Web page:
The major fear of every parent whose child leaves home for a Western country is the picking up of 'negative' social habits like drinking, smoking and womanising. This fear is so ingrained that it forms the basis of advice given you on your travels. You would be told that you shouldn't forget where you came from and must do things not to shame your family. Yes! In most African countries one does not leave for oneself alone. As long as you bear the family's name when there is a shame on you there is also a shame on the family. You would also be informed that all those who had gone and led negatives lives had come home with nothing and had not been able to even put up a house. Thus, the prospective traveller is sent to acquire knowledge and wealth but not to sell his values and beliefs.


ImageNations Rating: 5.0

12 comments:

  1. these stories sound like great little windows into African cultures for the Western or non-African reader. Thanks for the heads up. I happen to know that Santa is bringing me at least one book featured on your blog so you're doing your job of advocating for African lit!

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  2. Nana, take it from me, with the East African, Cages was my favorite. I like the way he plays Hamid in the story as he falls for the girl. In fact, I see the climax of the story to be inherent in the last statement made by the girl - do u remember that statement? Very funny.

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  3. @Marie, if I am able to convert just one person into reading African Lit I would have achieved my aim and I know I have with you about to read one. Yay... lol. That's great. And yes, they are.

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  4. @Geosi, you are really funny... let me quote it for you:

    "You're always giving me things. I know you'll want something in return. When you do, you'll have to give me more than these little gifts". That's after the man has been giving her more of everything she buys. lol... quoted it from the book not memory.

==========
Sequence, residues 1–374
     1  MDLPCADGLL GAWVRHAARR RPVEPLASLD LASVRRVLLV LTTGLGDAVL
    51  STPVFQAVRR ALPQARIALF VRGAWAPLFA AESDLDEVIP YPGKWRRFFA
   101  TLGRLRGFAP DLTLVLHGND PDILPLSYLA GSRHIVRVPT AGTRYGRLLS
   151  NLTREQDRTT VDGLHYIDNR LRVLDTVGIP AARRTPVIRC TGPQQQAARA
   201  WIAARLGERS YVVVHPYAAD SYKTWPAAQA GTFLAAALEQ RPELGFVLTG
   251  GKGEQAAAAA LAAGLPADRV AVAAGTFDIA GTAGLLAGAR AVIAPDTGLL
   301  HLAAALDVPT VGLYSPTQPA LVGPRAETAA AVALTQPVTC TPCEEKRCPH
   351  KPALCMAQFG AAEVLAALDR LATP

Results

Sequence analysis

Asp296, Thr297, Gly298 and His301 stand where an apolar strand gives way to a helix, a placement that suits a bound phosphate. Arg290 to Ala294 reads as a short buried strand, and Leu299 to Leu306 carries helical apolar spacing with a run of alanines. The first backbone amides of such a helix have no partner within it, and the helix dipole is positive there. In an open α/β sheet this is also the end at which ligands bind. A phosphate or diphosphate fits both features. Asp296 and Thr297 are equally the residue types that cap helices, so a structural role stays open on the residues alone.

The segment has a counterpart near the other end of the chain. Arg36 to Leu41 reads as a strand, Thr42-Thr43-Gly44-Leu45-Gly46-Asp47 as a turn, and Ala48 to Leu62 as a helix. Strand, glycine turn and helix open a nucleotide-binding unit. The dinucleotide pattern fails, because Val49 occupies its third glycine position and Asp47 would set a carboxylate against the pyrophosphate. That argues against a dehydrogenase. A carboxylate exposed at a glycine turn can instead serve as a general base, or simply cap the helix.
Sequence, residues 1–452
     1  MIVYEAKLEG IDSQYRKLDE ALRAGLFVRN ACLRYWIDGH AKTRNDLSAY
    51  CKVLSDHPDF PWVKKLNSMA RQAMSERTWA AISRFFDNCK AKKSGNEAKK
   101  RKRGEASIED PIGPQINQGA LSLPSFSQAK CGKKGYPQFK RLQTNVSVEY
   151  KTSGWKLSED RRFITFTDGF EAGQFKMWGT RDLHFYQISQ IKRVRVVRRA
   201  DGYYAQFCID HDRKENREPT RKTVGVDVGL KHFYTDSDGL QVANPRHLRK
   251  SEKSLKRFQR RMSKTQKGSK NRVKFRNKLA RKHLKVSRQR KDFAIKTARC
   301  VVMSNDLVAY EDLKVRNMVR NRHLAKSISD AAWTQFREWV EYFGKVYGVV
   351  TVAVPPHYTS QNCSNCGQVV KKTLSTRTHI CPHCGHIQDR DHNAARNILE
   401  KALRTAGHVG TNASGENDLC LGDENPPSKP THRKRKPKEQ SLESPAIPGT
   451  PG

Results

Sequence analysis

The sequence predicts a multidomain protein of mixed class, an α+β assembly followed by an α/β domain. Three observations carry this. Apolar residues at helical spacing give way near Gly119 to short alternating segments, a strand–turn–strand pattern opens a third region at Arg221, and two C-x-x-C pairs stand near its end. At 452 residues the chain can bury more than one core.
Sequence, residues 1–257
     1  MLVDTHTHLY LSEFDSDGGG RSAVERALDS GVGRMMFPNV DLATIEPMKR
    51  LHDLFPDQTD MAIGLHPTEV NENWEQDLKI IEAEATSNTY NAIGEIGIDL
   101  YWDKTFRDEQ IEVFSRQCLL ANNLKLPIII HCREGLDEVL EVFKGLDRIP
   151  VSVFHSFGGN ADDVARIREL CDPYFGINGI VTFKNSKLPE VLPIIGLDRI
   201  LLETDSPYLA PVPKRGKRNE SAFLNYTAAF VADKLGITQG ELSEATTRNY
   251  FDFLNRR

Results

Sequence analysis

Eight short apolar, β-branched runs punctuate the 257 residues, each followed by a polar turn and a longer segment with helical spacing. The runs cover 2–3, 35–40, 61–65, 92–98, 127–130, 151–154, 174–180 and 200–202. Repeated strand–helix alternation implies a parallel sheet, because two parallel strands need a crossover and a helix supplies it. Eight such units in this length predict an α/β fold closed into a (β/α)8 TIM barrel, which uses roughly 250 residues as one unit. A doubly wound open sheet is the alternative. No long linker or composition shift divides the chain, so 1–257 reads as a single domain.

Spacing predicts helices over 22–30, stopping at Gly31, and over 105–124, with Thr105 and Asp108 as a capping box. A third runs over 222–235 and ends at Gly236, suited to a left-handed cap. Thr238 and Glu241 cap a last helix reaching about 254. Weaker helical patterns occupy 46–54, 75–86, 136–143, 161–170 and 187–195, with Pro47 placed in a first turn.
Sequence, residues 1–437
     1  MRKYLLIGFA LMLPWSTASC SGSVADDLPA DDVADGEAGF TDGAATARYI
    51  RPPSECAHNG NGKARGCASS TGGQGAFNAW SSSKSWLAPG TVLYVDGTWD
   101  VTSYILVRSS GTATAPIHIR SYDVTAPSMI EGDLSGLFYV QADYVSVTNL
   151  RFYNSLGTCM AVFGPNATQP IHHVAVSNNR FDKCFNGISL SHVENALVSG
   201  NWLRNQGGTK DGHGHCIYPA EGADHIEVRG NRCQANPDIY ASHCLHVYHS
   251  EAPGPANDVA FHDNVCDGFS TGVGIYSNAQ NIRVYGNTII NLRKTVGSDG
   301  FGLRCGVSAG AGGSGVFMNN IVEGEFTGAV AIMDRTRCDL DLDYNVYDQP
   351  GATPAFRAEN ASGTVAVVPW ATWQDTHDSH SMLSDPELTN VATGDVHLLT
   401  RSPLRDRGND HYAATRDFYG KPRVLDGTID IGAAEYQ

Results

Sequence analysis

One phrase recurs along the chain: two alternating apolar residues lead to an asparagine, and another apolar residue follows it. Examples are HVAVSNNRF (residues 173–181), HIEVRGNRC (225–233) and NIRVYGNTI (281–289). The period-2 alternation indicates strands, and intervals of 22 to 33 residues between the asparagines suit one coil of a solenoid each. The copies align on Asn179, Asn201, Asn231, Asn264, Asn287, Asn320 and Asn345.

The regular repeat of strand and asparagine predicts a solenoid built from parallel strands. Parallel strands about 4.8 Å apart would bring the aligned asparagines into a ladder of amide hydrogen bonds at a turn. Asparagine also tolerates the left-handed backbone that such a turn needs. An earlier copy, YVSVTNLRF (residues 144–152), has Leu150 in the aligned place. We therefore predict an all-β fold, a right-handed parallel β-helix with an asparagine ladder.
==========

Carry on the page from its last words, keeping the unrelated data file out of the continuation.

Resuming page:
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  5. Nana, yes...yes...that is it. You got me laughing and laughing here. You making my day. In fact, that statement is well-crafted... I liked this story.

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  6. @Geosi, thanks... lol. Yes that sentence is well crafted and I still read it in a very soft voice... pretending to be a lady. And she said it as it should be said or as any lady who really meant business would say it, mincing no words.

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  7. More great authors I need to try. In fact I think I should add this collection to my wish list! Happy to see Gurnah had a story in the collection as I enjoyed the book that I read by him.

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  8. @This is my first reading of most of these authors. In fact with the exception of Okri and Laing (from the West African section, which I am yet to review) I haven't read from any of these authors. And that's why I have instituted the African Reading Challenge. I hope to read full novels of these authors.

    What is the title of Gurnah's book you read?

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  9. I read and really enjoyed Paradise, and have Desertion on my tbr pile for next year. Eva at A Striped Armchair read By the Sea which also sounded fantastic and I'm on the lookout for a copy.

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  10. @Amy I would be on the look out for some of these. Paradise was actually a Booker nomination.

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  11. the synopsis of leaving is sound great. im enjoy reading it although not fully finished the story..